The Georgia Institute of Technology researchers have recently underlined their recent market study that aims to pinpoint a material that has the ability to behave irrationally in an antiferroelectric material known as zirconium dioxide, or zirconia. In the last few years, a new class of materials such as antiferroelectric have increasingly been studied for their extreme potential in modern computer memory based devices. The research team noted that these composites have a greater energy efficiency and can further perform faster reading and writing speeds without a conventional memory storage and splitting system.
The team then focused on integrating their prowess into the existing semiconductor chip manufacturing processes in order to produce higher grade chips. They discovered that the microstructure of the material is often reduced in size and behaves much similarly to the latter material. A miniature circuit of their findings has also been introduced for improving memory based performance. The team notes that antiferroelectrics have a range of unique properties like higher reliability, high voltage endurance, and broad operating temperature that makes them viable among a dearth of different devices.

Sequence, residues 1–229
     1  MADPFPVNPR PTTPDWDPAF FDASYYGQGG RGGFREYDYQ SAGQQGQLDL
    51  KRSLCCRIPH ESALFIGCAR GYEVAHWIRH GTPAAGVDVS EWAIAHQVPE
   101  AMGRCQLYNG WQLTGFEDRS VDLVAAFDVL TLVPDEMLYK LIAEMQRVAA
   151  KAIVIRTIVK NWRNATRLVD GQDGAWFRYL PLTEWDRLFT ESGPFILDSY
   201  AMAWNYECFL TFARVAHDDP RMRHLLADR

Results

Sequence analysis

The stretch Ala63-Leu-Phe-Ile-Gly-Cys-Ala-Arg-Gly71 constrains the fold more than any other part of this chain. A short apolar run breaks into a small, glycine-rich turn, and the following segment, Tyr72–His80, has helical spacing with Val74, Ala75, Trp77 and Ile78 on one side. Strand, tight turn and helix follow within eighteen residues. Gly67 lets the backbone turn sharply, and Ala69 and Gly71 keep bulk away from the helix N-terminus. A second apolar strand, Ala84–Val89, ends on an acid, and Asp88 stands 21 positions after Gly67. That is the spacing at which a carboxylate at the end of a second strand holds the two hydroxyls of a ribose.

These devices include high-energy-density capacitors, transducers, and electro-optics circuits. However, the team noted that scaling effects have gone largely under the radar for a long amount of time. Instead, the team had to redesign their effect and make it smaller knowing how their material would perform. From the team’s standpoint, they have paved the way for a new field of research as the latest research pertains. They defined the standing point of an antiferroelectric material in the peculiar way such that it responds to an external electric field by combining the features of non-ferroelectric and ferroelectric materials which have been studied extensively in the field of physics and material science.